•  
    Psy 221 Lifespan Development
    3
    This course will address the entire range of the human life chronologically from the moment of conception through death focusing on the physical, cognitive, social and personality development of each chronological period. Basic theories, research findings, and practical applications will be discussed.
  •  
    Gen Ed 3 Credit Hours
    3

Semester 6

  •  
    Soc 361 Social Theory
    3
    An intensive examination of selected major social theories and theorists and an introduction to the fundamentals of theory building and the evaluation of theories in the social sciences.
  •  
    Soc 345 Social Psychology
    3
    Social influences on the social and psychological development of the individual; the interaction process, role relationships, development of beliefs and attitudes, dynamics of social groups.
  •  
    Soc 322 Criminal Justice
    3
    This is an introductory class to the study of criminal justice. Students will be introduced to the history of the American Criminal Justice system and its primary components: law enforcement, courts, corrections, police work, types of crime and responses to crime.
  •  
    Gen Ed 6 Credit Hours
    6

Semester 7

  •  
    Psy 211 Child Development and Psychology
    2
    An in-depth study of factors influencing the development and behavior of children from conception through adolescence.
  •  
    Psy 212 Child Development and Psychology: Young Children
    1
    An intense study of the preschool–age child in twelve key areas of development. Involves weekly observations of a preschool child in a childcare setting. Thirteen hours of field experience required.
  •  
    Psy 451 Personality Theory
    3
    A study of the dynamic organizations within the human organism of those psychophysical systems that determine the individual’s unique adjustments to his/her environment. Empirical and speculatory viewpoints are studied with careful differentiation between surface and depth factors. A variety of personality theories are explored for direct applicability to the work of teacher, counselor and enabler.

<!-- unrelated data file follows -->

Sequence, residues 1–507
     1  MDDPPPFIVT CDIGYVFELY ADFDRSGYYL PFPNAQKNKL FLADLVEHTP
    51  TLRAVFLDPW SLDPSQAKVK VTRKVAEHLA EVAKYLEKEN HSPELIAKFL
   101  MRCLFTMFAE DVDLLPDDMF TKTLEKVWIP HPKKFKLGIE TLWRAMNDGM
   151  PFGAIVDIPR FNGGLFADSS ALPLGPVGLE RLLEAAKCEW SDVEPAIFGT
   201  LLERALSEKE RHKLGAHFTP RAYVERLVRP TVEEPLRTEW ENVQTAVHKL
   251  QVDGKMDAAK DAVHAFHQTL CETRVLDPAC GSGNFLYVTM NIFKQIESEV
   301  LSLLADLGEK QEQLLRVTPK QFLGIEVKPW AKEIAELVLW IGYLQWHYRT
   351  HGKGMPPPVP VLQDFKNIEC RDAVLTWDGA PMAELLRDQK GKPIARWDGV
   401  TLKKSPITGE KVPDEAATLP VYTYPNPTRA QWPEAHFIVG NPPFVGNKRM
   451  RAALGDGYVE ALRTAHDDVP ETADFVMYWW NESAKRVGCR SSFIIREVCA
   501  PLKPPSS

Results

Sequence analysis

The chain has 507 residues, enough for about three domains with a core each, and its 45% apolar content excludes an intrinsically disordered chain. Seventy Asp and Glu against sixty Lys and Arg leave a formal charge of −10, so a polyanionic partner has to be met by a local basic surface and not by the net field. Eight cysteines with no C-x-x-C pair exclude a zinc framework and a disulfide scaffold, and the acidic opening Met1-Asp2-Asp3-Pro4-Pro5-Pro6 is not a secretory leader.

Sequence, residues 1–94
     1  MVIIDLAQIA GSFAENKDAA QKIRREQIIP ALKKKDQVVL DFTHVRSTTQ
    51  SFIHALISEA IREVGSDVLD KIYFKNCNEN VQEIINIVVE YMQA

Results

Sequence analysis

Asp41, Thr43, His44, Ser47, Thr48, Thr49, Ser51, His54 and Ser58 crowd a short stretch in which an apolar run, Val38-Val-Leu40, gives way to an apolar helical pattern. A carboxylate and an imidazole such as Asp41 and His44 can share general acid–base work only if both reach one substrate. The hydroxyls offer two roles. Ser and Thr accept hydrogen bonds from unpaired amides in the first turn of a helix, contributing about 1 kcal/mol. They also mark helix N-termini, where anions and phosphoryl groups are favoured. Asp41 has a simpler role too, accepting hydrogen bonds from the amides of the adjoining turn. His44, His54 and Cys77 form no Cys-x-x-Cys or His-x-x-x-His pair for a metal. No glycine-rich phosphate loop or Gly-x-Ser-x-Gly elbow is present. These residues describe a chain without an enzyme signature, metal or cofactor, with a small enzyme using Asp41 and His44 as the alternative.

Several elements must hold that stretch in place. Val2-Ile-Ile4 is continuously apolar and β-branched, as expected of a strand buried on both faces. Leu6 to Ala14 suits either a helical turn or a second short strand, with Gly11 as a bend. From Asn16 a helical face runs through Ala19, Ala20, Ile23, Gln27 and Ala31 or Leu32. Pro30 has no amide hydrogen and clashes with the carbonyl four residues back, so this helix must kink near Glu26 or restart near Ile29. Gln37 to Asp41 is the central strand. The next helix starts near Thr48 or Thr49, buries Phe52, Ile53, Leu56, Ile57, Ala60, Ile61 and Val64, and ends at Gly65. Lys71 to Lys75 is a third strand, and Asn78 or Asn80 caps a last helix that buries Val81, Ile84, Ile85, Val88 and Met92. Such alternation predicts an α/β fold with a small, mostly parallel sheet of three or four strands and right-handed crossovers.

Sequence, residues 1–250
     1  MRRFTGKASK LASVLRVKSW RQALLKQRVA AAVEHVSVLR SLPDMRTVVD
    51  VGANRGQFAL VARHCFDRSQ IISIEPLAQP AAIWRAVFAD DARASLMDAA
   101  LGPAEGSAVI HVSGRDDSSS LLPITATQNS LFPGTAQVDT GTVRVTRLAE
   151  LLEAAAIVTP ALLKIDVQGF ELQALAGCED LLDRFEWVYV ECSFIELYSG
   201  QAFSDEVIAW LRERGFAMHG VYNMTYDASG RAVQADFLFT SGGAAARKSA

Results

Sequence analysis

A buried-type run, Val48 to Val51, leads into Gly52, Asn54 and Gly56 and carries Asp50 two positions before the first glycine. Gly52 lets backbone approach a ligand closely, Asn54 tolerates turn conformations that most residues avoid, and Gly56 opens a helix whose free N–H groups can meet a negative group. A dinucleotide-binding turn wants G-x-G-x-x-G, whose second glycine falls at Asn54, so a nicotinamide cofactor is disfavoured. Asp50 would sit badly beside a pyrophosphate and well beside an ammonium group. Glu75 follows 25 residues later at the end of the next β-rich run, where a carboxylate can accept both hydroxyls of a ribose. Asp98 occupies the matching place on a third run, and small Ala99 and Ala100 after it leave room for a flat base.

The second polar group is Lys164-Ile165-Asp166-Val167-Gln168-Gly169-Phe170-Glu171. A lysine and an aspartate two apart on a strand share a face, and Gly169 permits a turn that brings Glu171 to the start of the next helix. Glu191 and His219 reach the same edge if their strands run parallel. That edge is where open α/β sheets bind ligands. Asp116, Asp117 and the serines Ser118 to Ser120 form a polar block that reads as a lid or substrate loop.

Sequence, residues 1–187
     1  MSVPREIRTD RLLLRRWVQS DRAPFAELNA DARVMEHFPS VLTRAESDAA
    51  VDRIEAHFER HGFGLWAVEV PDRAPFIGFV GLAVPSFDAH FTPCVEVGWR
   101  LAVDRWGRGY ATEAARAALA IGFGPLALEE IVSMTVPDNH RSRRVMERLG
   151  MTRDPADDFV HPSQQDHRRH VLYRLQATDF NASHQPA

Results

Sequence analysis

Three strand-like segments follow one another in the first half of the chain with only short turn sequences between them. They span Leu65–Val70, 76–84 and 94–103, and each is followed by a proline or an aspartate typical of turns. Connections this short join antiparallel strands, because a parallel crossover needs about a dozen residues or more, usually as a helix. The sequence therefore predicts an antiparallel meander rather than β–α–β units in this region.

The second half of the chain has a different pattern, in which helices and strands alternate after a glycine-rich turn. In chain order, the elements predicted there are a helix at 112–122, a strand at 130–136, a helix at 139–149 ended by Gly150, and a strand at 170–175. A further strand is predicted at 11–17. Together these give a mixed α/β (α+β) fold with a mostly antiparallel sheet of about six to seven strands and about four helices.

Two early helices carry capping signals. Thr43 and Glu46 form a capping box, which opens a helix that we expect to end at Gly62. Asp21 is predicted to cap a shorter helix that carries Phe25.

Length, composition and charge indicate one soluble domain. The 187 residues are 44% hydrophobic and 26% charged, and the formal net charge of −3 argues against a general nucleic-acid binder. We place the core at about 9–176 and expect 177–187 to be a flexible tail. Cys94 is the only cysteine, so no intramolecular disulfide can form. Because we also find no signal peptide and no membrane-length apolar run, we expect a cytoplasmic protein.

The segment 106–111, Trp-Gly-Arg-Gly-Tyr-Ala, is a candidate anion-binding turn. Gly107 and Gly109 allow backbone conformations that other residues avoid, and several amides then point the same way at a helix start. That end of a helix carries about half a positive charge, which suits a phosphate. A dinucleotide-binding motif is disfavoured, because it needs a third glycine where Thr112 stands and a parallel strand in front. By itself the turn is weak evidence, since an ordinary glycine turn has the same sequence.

•  
    Soc 481 Internship in Sociology
    3
    The internship in sociology is a planned and supervised educational experience which integrates the knowledge and theory of sociology gained through course work with field experience. Students observe professionals in the field and participate as determined between the supervisor of that organization and the student. Students must contact the Office of Career Services to obtain the undergraduate internship/practicum packet and complete the required process.
  •  
    Elective Behavioral Science elective
    3
  •  
    Gen Ed 3 Credit Hours
    3

Semester 8

  •  
    Soc 361 Social Theory
    3
    An intensive examination of selected major social theories and theorists and an introduction to the fundamentals of theory building and the evaluation of theories in the social sciences.
  •  
    Psy 445 Abnormal Psychology
    3
    Reviews theories and methods which underlie the classification and study of as well as responses to abnormal behavior.
  •  
    Psy 442 Introduction to Counseling
    3
    This introductory course is designed to assist the student to 1) reflect upon attitudes as a helping person 2) increase ability to use a problem management model 3) acquire the various skills that undergird an effort to effectively listen and respond to another person and 4) develop a personal philosophy of helping.
  •  
    FN 400 Financial Literacy
    1
  •  
    Elective Sociology Elective
    6